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Explore the importance of fate in Romeo and Juliet

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Explore the Importance of Fate in the Play 'Romeo and Juliet' Responding to actual question and style and Fate, a concept often linked with the stars, is a main theme that runs throughout the play. Romeo and Juliet, 'a pair of star crossed lovers' are always destined for a tragic and 'untimely' death. There are many interpretations on the role of fate in the play: as a 'greater power' that has ultimate control over the lives of the characters; a force that has arisen out of the society lived in by Romeo and Juliet, which influences their choices and causes them to be impulsive and at times foolish, and some think that fate may be put down to the personalities of the lovers, and their fatal flaws which often cause the situation to deteriorate further. In my opinion Romeo's fatal flaw is impetuousness: he is 'hot-headed' and acts impulsively and hastily on several occasions. For example at the beginning of the play, Romeo decides to go to the party of his enemy Capulet, even though her knows it will make the feud worse and anger Tybalt and any other Capulet with a similarly fiery temperament. He also has his reservations and worries about going. Saying, 'my mind missives some consequence'. ...read more.


But yet I'll make assurance double sure, and take a bond of fate: thou shalt not live; that I may tell pale-hearted fear it lies, And sleep in spite of thunder'. This is conveyed in the play as it is clearly shown from the beginning that fate is in control and will thrust misfortune and desolation on Romeo and Juliet. All areas surrounding the lovers are manifested by fate: the feud between their families, that causes them to go to such extremes to be together; the death of Mercutio that causes Romeo to seek revenge on Tybalt; Juliet's parents' determination for her to be married to county Paris; the series of misfortunes that mean Friar Lawrence's plan goes devastatingly wrong; and the tragic, heart-wrenching timings of Romeo's suicide and Juliet's awakening. The Capulet feast and the circumstances surrounding it, is where fate begins to take a leading role in this play. It is left to the reader to determine whether, Peter and Romeo and Benvolio's meeting was a significant coincidence, or an encounter set up by fate. Romeo therefore learns of the party and urged by Benvolio, decides to go, with the hope that by seeing other beautiful woman he shall 'think thy swan a crow'. As Romeo, Benvolio and Mercutio prepare for the feast, Romeo has his misgivings. ...read more.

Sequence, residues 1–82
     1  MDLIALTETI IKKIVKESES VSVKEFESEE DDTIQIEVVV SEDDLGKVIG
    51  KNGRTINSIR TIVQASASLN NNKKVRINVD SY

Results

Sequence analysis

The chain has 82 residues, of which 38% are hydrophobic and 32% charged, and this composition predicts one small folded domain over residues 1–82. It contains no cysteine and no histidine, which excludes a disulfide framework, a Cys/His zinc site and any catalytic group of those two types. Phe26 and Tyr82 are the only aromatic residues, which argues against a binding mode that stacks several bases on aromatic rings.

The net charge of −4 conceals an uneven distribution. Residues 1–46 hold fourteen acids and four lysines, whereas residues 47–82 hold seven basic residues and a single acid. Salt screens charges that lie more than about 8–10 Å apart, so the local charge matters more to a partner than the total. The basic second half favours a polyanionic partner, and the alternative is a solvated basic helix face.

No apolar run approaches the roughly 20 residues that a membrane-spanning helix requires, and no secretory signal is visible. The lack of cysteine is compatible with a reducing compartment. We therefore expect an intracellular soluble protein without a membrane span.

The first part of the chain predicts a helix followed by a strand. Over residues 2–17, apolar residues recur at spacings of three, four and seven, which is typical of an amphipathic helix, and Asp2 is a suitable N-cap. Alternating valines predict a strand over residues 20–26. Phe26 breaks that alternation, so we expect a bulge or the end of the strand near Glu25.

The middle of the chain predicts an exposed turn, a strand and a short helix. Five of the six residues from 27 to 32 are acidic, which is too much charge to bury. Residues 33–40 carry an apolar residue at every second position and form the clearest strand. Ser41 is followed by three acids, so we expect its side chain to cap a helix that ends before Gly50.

Friar Lawrence realises the impact this trick of fate will have and says 'unhappy fortune!' It is fate that accounts for this dire mischance and that will result in the deaths of four characters. Romeo has brought poison from a 'caitiff wretch' - a penniless apothecary, and has gone to the Juliet's tomb to kill himself along side his love. It is fate that allows Romeo to find an apothecary so poor that he has to sell Romeo poison, in order that he can 'buy food, and get thyself in flesh'. Again fate inflicts devastation, when it doesn't allow Friar Lawrence to reach the Capulet tomb in time to stop Romeo from committing suicide and explain to him their plan to elude Juliet's marriage to Paris and the circumstances therefore surrounding her death. Romeo says before he drinks the poison, that dying will mean he is able to 'Shake the yoke of inauspicious stars'. What he means by that by death, he will escape the horrific fate that has been thrust on him. He is however there when Juliet wakes up and explains to her 'a greater power than we can contradict has thwarted our intents'. He is informing her of the failure of the plan and is trying to tell her that her 'Husband there lies dead'. The 'greater power' he talks of is in fact fate. ...read more.

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